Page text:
All the works, constructions, renovations and extensions were done with the approval and au vu et au su of Applicant No.4 and were financed solely by the Respondent and her late husband.
At this juncture, it is useful and appropriate to refer to the case of Bonarien V Loloth [1998 MR 26] in which the Appellate Court composed of 3 Judges, reviewed the law and the authorities applicable to a “droit de retention” and a “droit de superficie”.
The Appellate Court found that, in the light of existing authorities, for a droit de retention to exist, 4 conditions must be met, namely:-
- The claimant must have the detention of the property;
- There must be a debt of which the claimant is entitled to demand payment;
- The claimant must be of good faith; and
- There must be a relationship between the debt and the property detained.
The court also held that it was settled law that a person who acquires a droit de retention is entitled “de demeurer en possession that que le propriétaire ne l’aura pas rembourse du montant des travaux, ou le lui aura pas regle la plus-value.’’
Moreover, the Appellate Court held that since the Appellant had built the house au et au su of the respondent and with his consent, the Appellant had acquired a droit de superficie temporaire over the land of the Respondent at most as long as the construction which she had built lasted. Such a droit de superficie had been acquired by titre, namely the verbal agreement entered into by the Appellant and the Respondent whereby the Appellant was allowed to build on the land of the Respondent.
The Respondent has adduced sufficient affidavit and documentary evidence to substantiate her claim that she has a droit de retention et de superficie in respect of the alleged constructions, renovations and extensions carried out by her and her late husband on the property in lite. I, therefore, hold that the Respondent has raised serious issues which cannot be resolved on conflicting affidavit evidence. Whether the Respondent does in fact have a droit de retention et de superficie, and if she has such a droit de retention, the amount of compensation payable, and whether she is of good faith are serious issues which have to be referred to, and determined by, the competent Court.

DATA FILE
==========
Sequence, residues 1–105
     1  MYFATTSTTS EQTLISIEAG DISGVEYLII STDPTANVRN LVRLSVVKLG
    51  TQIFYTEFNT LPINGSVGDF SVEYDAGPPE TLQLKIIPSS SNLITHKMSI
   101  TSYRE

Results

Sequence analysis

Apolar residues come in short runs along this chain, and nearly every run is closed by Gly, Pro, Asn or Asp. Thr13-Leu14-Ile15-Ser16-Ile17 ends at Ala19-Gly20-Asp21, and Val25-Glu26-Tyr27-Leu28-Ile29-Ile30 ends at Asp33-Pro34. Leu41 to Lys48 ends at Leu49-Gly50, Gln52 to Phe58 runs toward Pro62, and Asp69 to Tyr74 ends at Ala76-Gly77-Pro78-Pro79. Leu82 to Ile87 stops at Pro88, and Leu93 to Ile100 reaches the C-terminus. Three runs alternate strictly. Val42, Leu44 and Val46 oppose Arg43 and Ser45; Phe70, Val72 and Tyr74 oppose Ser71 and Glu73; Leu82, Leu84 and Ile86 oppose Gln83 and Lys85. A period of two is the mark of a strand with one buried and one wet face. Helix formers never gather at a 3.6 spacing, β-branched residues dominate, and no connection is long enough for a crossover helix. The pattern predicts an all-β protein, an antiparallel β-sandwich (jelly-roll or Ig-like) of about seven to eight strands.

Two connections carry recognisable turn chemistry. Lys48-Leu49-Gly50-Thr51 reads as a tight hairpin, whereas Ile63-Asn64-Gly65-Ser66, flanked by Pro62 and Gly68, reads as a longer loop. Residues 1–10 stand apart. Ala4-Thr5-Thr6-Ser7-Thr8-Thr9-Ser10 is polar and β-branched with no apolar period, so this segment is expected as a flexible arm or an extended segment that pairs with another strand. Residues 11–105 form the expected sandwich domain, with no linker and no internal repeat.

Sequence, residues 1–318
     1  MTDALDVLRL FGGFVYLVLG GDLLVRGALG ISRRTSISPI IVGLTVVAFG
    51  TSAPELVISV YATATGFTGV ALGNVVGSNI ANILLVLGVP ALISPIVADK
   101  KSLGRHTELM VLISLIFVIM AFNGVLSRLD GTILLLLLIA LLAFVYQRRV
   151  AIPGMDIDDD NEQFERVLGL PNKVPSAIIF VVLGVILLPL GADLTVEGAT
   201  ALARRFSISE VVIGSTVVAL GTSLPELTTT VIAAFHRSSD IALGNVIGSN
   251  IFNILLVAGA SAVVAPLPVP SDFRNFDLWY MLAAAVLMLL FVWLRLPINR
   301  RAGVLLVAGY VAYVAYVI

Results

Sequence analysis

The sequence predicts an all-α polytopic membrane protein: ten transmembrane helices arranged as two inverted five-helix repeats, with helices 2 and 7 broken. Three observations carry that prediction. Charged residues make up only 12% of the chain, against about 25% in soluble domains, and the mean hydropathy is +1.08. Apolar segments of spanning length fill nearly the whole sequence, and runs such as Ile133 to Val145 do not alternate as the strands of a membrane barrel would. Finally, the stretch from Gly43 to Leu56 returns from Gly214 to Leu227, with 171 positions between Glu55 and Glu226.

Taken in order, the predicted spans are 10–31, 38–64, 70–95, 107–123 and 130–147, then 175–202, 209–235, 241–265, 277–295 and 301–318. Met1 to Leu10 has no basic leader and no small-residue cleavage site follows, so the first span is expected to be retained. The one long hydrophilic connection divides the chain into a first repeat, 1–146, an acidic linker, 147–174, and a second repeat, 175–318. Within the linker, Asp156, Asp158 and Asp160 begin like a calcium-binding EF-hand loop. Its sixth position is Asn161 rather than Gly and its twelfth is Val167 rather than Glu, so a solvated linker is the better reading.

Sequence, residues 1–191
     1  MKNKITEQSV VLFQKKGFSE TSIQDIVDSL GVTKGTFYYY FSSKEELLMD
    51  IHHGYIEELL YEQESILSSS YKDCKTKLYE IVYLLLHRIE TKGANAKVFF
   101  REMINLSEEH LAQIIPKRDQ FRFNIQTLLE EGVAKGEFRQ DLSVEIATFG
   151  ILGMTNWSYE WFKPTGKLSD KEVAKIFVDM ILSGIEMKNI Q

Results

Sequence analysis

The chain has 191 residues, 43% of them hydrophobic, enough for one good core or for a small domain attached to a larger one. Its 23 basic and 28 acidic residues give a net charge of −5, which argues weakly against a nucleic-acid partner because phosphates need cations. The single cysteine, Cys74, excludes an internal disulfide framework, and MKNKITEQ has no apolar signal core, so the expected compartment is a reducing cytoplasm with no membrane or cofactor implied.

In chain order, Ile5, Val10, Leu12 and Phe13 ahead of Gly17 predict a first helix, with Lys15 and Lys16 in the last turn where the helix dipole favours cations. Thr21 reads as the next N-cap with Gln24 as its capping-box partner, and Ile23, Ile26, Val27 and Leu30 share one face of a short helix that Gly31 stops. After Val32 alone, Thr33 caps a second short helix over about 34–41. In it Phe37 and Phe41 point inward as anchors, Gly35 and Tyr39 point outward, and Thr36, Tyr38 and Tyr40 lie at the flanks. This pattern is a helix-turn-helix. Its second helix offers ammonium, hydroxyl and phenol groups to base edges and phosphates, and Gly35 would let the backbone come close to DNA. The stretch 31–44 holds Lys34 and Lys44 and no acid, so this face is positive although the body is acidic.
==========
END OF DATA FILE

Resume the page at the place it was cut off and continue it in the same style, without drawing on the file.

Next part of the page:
Turning to the additional ground of delay in lodging the present application, it was held in Pavadi V Choyta [2008 SCJ 243] that in an application for a writ habere facias possessionem, delay per se is not fatal to the issue of the writ but is one of the factors to be considered by the judge.
The respondent has raised a serious and bona fide defence to the present application. As was held in Pavadi v Choyta(above), where there are serious factual and legal issues to be determined ex facie the affidavit evidence, these can only be determined by the competent Court after a proper hearing on issues properly joined through a normal course of pleadings. I, accordingly, set aside the present application and I refer the parties to the competent Court.
Attorney for Angelique Mirella Ross (Respondent): Mrs Anju. K. Ghose
Barrister for Angelique Mirella Ross (Respondent): Mr. Robin Appaya